Biodiversity of Ciliates and their Symbionts

Edited by
January 2021
120 pages
  • ISBN978-3-03943-967-6 (Hardback)
  • ISBN978-3-03943-968-3 (PDF)

This book is a reprint of the Special Issue Biodiversity of Ciliates and their Symbionts that was published in

Biology & Life Sciences
Environmental & Earth Sciences
In the past three decades, a stream of criminological inquiry has emerged which explores, measures, and theorizes crimes and harms to the environment at the micro-, mezzo-, and macro-levels. This “green criminology”, as it has come to be known, has widened the criminological gaze to consider crimes and harms committed against air, land (from forests to wetlands), nonhuman animals, and water in local, regional, national, and international areas or arenas. Accordingly, green criminology has endeavored to understand the causes and consequences of air and water pollution, biodiversity loss, climate change, corporate environmental crime (e.g., illegal waste disposal), food production and distribution, resource extraction and exploitation, and wildlife trade and trafficking, while also exploring potential responses to these issues. This book seeks to introduce the green criminological perspective to a broader social science audience. Recognizing that green criminology is not the first social science to explore the phenomena and harms at the intersections of humanity and ecology, this book offers an introduction to some of the unique insights developed over nearly 30 years of green criminological thought and scholarship to students, professors, researchers, and practitioners working in the fields of anthropology, economics, environmental humanities, environmental sociology, geography, history, and political ecology. This book contains contributions from researchers in green criminology from around the world, including early- and mid-career scholars, as well as more established voices in the field—all of whom are dedicated to exposing, understanding, and ultimately hoping to thwart further environmental degradation and despoliation.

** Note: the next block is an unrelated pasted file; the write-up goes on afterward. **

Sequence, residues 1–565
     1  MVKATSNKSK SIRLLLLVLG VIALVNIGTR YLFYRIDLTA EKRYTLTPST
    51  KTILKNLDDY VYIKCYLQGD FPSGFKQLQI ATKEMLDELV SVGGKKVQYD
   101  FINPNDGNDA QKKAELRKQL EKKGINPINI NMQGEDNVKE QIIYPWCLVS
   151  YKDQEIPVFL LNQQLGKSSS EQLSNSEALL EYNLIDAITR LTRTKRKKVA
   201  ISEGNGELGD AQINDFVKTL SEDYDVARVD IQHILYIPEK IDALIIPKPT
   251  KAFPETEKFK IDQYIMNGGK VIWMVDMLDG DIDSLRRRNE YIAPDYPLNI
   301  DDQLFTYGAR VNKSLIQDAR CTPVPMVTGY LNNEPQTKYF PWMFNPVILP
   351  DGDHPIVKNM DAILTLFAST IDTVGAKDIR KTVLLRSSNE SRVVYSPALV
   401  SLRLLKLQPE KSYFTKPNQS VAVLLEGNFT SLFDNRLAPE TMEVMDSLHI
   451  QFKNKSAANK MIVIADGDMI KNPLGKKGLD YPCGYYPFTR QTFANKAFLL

• Hardback
License and Copyright
© 2022 by the authors; CC BY-NC-ND license
biogeography; ciliates; Paramecium quindecaurelia; cytochrome C oxidase subunit I gene; sibling species; species concept in protists; bacterial symbionts; symbiosis; intranuclear bacteria; Holospora; Gortzia; Paramecium; Micractinium tetrahymenae; Tetrahymena; Utricularia; facultative endosymbiosis; ciliate-algae symbiosis; Chlorella variabilis; Micractinium conductrix; diagnostic PCR; Paramecium; ciliate–algae symbiosis; symbiosis; Paramecium; ciliates; Holospora-like bacteria; host–parasite interactions; 16S rRNA gene; full-cycle rRNA approach; TEM; fluorescence in situ hybridization; algal-ciliate symbiosis; mycosporine-like amino acids; Pelagodileptus trachelioides; planktonic freshwater ciliates; Stokesia vernalis; Vorticella chlorellata; Chlorella; endosymbiosis; intracellular algae; Micractinium; photobiont; infection; syngen; n/a

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